Summer of sustainability
We observed Memorial Day this week in the U.S., and here in the Southeast (Shelton Group’s HQ), schools have wrapped up. That means one thing’s for sure: It’s vacation time! My personal social media feeds are already showing my friends and their families on vacations – everywhere from amusement parks, beaches, mountains closer to home, and other adventures across the country and beyond.
We’ve blogged previously about sustainability challenges when it comes to travel (inconsistencies with airline waste is a collective pet peeve), and a recent article published by Earther highlights compiled data from 160 different countries to create a global estimate of the tourism industry’s carbon footprint. It’s one that keeps growing, and now accounts for about 8% of global greenhouse gas emissions. And U.S. travelers are the biggest contributors to the problem by far, producing nearly a billion tons of CO2 in 2013.
Looks like the planet needs a vacation from our vacations.
Of course, there’s more than one side to the story
But there’s a flip slide to consider. Many economies, both domestically and internationally, rely on tourism to keep them afloat. According to the World Tourism Organization, travel is the first or second source of export earnings in 20 of the world’s 48 least developed countries. How can we balance our wanderlust (in a world where it’s easier than ever to travel nearly everywhere), with our flat-out desire (some would argue need) to “get away from it all,” and these enormous, and sometimes conflicting, global impacts?
Companies are working on solutions
Thankfully, big corporations and smaller businesses in the tourism realm are stepping up to the plate to help us travel more sustainably and maybe feel a little better about our tourism decisions now – and moving ahead.
- Fulcrum BioEnergy recently announced that it will convert 175,000 tons of municipal solid waste into more than 10.5 million gallons of fuel annually at its Nevada refinery. This is predicted to reduce GHG by 80% compared to the use of traditional petroleum transportation fuel. BP, United Airlines and Cathway Pacific Airways are early investors. Fulcrum also plans to break ground on a second commercial-scale biorefinery in Chicago, home to United’s largest hub.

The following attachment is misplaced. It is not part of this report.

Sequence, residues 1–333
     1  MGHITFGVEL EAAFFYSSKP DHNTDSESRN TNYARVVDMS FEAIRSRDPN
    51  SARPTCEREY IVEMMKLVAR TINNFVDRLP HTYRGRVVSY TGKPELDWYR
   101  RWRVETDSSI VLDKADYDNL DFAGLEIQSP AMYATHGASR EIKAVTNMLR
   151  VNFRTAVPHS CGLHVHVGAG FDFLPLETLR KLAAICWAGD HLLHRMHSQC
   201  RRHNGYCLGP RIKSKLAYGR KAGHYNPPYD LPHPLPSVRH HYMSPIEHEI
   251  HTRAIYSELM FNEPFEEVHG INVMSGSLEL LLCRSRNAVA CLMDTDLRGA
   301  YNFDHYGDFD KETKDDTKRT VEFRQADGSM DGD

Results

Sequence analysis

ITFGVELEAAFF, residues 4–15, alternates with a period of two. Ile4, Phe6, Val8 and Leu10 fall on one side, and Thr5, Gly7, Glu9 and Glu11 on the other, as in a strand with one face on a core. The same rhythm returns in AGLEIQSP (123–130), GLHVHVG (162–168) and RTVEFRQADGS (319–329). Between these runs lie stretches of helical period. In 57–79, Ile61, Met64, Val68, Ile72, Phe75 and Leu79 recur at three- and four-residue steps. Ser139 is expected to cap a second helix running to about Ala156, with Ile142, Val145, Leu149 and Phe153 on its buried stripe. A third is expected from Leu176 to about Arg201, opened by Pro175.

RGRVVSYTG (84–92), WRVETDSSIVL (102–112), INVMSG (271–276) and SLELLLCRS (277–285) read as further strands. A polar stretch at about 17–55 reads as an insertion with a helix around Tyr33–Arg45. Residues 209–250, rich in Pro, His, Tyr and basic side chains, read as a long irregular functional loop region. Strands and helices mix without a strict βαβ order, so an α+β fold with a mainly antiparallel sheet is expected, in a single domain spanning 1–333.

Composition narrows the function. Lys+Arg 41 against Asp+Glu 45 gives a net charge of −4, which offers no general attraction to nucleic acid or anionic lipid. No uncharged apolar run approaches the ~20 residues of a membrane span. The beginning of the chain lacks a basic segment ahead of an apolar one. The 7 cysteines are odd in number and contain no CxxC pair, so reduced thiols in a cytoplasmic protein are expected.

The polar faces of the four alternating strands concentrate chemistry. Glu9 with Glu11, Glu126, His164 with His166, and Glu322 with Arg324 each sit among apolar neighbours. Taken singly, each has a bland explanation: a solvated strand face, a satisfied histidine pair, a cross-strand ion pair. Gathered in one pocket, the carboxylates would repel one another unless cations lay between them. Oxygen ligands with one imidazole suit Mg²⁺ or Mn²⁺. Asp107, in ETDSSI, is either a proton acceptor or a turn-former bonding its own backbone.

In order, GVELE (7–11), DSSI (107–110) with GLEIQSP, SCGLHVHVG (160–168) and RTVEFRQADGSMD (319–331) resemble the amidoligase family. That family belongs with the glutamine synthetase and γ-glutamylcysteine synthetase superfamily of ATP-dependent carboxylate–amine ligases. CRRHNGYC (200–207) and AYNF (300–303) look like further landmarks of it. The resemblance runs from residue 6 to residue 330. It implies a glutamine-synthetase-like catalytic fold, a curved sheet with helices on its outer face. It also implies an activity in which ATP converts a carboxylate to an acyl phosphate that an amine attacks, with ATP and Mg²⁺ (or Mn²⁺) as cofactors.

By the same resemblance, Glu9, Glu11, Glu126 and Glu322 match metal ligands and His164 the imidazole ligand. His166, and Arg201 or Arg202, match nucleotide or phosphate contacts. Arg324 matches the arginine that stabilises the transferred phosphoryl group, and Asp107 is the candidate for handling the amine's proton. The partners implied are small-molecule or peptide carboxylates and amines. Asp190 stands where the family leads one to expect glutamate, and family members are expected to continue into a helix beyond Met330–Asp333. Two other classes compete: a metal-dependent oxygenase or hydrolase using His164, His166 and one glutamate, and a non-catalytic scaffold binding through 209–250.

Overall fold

- Hilton has committed to doubling its social impact while halving its environmental footprint via its “Travel With Purpose” corporate responsibility strategy, becoming the first major hotel company to use science-based targets to hit its goals. These goals encompass a wide range of activities from reductions in carbon emissions and water consumption, to sustainably sourced food and textiles, to soap recycling and value chain improvements.
- Alaska Airlines is phasing out plastic stirring sticks and citrus picks in its cocktails and coffees offered on flights and in lounges. They’re replacing them with compostable versions made from birch and bamboo. We’ll be watching for future reports about whether or not these items actually make it to a compost bin … but this isn’t a small action. Alaska Airlines states it will be the first U.S. airline to fully eliminate these items, after handing out 22 million of them in 2017.
- Companies like Responsible Travel, Good Travels Advisors and Collette’s Impact Travel Tours exist to help travelers create a vacation experience that keeps sustainability and social responsibility front-of-mind. You can build these kinds of activities into any vacation – whether that’s volunteering locally as part of your itinerary, or creating an entire service-based vacation to help a community hit by disaster.
According to our insights, these companies will be rewarded.
- 59% of Millennials look to companies to solve social and environmental problems they feel they can’t address (or would rather not have to) – and personal travel squarely lands in this bucket.
- 64% of Americans say a company’s environmental reputation impacts their purchase decisions.
- 60% of Americans say CSR activities positively impact their purchase intent.
As we know, many little actions add up to larger change. Let us know what your companies are doing, and what actions you’re taking personally, to contribute to a healthier planet this summer. If you need a jump-start with some new ideas or fresh thinking that can help engage your customers, we’re here to help.
Safe (and sustainable) travels!